Rapunzel is a famed German fairytale written by the Brothers Grimm, but where does her name come from? Turns out Rapunzel (as a proper noun) is. a German word for "rampion", a type of pink flower, or for "lamb's lettuce". Either way, it's a cute name derived from plants. All of these words, through nominative muddles in Medieval Latin, come from the Latin root radix, which meant "root"- an unsurprising connection to make to plants. The root word for this "root" word is the Proto-Indo-European reconstruction wrad, which meant either "branch" or "root". Rapunzel's usage in English is higher than it's ever been, but it peaked in German during the 1980s (and, obviously, usage in German has been going on for much longer). Time for some etymological relatives: radix gave us the words radish, eradicate (to get rid of the root of something), radius, and radical, (which takes the root of something) while wrad devolved into all of those plus rutabaga, radicant, licorice, wrath, and many others. So Rapunzel has a lot of etymological relatives in the worlds of botany and math. Fun!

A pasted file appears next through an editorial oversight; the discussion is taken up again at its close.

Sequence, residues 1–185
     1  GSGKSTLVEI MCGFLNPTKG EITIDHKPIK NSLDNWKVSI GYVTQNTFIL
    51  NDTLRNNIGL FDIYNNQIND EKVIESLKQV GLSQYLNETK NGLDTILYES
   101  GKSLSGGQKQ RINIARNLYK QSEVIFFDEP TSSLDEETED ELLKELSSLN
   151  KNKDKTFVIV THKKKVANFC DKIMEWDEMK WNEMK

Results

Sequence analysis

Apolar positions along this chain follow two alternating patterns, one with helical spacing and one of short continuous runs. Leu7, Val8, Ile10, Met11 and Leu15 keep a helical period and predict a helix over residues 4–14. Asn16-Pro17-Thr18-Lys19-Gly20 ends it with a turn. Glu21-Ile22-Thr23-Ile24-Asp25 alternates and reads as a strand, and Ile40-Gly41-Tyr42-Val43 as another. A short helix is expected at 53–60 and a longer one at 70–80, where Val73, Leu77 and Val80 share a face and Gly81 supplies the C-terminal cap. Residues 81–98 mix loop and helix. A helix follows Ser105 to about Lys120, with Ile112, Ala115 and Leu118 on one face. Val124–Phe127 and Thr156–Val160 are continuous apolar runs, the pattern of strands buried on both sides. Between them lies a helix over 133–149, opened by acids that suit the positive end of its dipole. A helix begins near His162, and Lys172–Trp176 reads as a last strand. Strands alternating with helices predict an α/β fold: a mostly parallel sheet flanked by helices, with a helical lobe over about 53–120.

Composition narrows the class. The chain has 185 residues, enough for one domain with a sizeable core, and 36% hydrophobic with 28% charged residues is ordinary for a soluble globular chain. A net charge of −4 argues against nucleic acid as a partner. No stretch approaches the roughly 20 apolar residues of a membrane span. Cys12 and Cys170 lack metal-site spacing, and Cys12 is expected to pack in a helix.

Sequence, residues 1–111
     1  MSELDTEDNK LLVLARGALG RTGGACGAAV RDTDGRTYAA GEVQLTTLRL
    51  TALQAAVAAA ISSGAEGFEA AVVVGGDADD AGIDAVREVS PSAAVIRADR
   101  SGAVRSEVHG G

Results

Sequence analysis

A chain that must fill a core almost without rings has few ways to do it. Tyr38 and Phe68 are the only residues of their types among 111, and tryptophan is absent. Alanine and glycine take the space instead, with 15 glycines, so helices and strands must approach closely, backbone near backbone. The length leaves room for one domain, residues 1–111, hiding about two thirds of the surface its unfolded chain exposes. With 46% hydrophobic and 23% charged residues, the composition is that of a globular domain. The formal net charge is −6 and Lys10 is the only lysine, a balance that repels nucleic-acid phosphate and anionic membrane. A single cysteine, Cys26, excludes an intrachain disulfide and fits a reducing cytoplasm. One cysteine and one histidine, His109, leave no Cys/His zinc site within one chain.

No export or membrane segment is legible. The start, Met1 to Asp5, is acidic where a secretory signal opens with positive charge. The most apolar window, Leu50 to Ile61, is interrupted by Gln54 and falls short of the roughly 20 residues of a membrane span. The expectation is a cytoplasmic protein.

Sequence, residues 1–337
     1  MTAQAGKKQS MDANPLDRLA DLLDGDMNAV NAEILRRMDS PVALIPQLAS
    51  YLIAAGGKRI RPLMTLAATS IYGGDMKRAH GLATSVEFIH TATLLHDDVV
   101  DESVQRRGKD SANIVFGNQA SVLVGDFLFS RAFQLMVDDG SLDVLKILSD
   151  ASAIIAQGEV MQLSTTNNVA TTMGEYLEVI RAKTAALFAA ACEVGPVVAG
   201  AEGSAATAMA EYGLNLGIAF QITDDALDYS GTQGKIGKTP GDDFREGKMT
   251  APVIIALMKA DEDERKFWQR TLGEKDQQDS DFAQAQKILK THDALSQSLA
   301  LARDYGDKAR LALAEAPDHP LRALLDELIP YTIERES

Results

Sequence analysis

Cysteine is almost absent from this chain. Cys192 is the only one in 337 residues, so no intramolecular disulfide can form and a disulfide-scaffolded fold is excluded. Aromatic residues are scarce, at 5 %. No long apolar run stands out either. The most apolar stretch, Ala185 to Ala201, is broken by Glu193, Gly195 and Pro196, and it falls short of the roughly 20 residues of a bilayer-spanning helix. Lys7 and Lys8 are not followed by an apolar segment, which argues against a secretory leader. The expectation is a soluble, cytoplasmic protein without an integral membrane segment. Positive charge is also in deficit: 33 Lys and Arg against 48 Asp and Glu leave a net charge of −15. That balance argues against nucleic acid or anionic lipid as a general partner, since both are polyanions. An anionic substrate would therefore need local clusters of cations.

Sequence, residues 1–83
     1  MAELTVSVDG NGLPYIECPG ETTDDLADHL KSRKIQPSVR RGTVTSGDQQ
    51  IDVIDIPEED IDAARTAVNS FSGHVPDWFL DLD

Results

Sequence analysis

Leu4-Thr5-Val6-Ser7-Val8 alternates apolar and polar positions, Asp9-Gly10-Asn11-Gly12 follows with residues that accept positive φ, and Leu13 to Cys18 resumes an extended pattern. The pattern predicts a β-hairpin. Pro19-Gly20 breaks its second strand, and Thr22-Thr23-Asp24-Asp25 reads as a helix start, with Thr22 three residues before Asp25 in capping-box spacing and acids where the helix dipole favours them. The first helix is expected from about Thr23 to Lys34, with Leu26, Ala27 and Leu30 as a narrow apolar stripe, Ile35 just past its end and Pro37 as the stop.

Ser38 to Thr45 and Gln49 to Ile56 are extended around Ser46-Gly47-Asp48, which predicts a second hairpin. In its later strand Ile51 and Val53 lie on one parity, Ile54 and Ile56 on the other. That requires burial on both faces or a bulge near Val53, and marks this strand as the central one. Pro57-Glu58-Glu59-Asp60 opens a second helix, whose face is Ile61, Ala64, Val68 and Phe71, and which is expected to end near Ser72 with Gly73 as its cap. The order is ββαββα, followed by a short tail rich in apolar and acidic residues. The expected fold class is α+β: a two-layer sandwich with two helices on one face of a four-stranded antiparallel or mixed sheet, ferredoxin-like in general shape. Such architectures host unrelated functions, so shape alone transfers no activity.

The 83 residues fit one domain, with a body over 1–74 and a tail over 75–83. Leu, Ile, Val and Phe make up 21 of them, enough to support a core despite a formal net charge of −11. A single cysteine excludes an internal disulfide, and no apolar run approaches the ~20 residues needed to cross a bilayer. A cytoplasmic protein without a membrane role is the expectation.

Adam Aleksic, a rising sophomore studying linguistics and government at Harvard University, has been described as the internet's sixth most famous etymologist. He also has disturbing interests in politics, vexillology, geography, board games, conlanging, and law.